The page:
Archive for May 2011

Ferguson's Motel Sale Price Reduced!

Attention Blog Readers and Buyers!

The owner of the Ferguson's Motel in Downtown Las Vegas has asked me to reduce the asking price to $1.6 Million.

This 68 unit property is on Fremont Street just east of the Fremont Street Entertainment District.  Each unit is equiped with a kitchenette, thus making it also an Extended Stay property.

For updated information on the Ferguson's Motel click on button to the right or use my email address below.

And for Information about Las Vegas Commercial Investment Property, contact David Howes at:

Dual Agency-Single Broker of Record

In order to fully understand dual agency, it is important to understand that as far as representation is concerned, the law views the broker of record as the agent and the salespeople that hang their real estate license with that broker as licensees, not as agents. What this means is that a dual agency can exist even if two agents are involved in a transaction because they may share the same broker.

This is particularly important for companies that use a single broker of record for multiple sales offices. In such case, if a licensee from the Downtown office makes an offer on a listing held by another licensee in the Westside office, a dual agency must be disclosed to the parties. Again, this is because there is a single broker of record, agent, for both offices and both licensees are working under that broker/agent. Clearly the same is also true for a single licensee who is acting on behalf of, say, a buyer and seller.

It is important for brokers to understand all the laws surrounding dual agency and how these laws affect their duties of disclosure to their clientele.

Abitration Clauses

Arbitration is often offered as an alternate form of dispute resolution in commercial leases. By agreeing to use the services of an arbitrator, the parties agree to waive their rights to litigate disputes in civil court. There are a few matters, however, such as eviction, fraud and criminal activity where use of the public court system is mandatory.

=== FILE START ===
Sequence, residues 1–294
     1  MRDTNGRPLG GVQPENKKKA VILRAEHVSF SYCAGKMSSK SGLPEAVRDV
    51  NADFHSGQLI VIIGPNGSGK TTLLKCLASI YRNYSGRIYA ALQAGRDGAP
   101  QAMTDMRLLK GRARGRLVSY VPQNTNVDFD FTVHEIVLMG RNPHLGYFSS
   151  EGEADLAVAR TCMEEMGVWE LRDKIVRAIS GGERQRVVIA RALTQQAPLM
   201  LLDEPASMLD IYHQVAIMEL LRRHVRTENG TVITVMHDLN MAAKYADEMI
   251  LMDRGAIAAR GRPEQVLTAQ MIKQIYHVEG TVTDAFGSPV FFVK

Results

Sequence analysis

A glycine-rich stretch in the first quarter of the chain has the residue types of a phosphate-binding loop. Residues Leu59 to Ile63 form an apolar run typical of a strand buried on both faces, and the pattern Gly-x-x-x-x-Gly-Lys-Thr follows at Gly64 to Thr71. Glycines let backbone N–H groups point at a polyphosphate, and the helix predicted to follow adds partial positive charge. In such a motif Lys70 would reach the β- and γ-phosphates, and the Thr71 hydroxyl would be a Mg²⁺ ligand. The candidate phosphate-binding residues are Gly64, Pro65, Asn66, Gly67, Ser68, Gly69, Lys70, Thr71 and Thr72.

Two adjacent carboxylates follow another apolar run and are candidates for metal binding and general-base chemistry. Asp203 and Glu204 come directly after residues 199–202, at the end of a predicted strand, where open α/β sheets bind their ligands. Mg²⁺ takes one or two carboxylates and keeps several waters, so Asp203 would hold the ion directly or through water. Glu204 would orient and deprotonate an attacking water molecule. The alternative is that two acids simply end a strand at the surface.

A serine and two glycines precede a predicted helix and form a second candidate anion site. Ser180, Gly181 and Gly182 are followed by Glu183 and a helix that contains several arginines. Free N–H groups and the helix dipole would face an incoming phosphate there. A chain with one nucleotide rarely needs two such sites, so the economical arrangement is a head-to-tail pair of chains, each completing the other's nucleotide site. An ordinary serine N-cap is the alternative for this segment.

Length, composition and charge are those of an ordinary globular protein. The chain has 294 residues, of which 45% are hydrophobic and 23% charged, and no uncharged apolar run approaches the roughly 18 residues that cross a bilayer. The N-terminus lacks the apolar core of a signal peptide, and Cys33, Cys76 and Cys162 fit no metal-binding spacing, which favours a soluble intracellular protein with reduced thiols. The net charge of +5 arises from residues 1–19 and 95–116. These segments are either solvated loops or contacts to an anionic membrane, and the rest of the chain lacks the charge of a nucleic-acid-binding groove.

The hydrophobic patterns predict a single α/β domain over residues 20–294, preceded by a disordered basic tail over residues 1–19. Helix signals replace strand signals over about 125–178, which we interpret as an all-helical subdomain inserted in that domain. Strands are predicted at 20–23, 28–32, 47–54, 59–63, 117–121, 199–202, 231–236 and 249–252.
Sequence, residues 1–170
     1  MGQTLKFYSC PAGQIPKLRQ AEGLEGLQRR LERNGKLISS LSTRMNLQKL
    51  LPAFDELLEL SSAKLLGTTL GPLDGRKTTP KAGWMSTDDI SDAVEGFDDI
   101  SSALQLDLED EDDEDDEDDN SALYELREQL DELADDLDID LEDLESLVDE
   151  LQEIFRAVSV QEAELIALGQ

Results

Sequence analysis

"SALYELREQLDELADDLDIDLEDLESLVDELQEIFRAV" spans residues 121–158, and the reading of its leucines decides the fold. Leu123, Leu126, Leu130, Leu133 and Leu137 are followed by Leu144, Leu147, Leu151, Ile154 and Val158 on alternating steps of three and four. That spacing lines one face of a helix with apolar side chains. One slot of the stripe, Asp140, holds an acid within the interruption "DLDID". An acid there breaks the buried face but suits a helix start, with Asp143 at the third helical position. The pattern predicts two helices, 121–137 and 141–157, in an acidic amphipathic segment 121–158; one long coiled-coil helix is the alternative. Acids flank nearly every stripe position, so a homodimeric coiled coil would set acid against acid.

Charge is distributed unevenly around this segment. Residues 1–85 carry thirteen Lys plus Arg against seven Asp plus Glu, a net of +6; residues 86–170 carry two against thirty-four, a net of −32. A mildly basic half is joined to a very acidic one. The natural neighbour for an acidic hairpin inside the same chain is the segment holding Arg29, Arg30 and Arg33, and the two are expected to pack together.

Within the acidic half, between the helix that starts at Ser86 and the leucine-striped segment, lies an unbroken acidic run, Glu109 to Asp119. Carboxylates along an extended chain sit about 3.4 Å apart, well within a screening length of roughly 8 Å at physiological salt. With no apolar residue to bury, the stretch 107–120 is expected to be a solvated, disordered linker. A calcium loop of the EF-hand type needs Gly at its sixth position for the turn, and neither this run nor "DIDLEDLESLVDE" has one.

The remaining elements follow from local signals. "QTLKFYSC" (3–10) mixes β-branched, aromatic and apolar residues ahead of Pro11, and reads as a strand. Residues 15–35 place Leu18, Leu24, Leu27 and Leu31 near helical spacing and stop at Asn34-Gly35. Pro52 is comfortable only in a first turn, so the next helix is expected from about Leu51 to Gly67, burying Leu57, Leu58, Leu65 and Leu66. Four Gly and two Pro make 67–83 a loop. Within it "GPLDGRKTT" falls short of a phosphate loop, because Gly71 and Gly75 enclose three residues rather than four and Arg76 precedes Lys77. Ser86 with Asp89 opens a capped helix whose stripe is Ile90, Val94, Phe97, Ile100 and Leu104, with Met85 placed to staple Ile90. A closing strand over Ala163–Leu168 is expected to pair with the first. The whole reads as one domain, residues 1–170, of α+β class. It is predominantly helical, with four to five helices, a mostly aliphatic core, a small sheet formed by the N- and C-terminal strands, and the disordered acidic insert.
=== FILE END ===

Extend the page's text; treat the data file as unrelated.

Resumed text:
Before agreeing to arbitration, there are a few things to consider. First, the process for preparing to appear in arbitration can be identical to preparing for an appearance in civil court. That is to say attorneys can be retained, depositions can be taken and evidence can be requested and exchanged. Therefore, the preparation costs can be the same as for a traditional court case. Also, the final decision of the arbitrator is binding and cannot be appealed, regardless of the legal standing for the decision. In other words, the arbitrator’s decision can be totally arbitrary and without legal precedent or standing. In addition, the cost/fees for the arbitrator can be higher than court fees and costs depending on the length of the arbitration. Finally, there is no assurance that an arbitrator’s decision will be any better or worse than that of a judge. That being said certain ADR companies such as JAMS employ retired judges almost exclusively. This is not to say that binding arbitration is without merit, it is potentially faster than the civil courts and some argue have more predictable outcomes than a jury trial. Also, if privacy is an issue, ADR can be much more discreet than the civil court system. In addition, in the event that there are technical elements to a case, many attorneys prefer to argue in front of an arbitrator with some level of technical expertise as opposed to a jury of laypeople.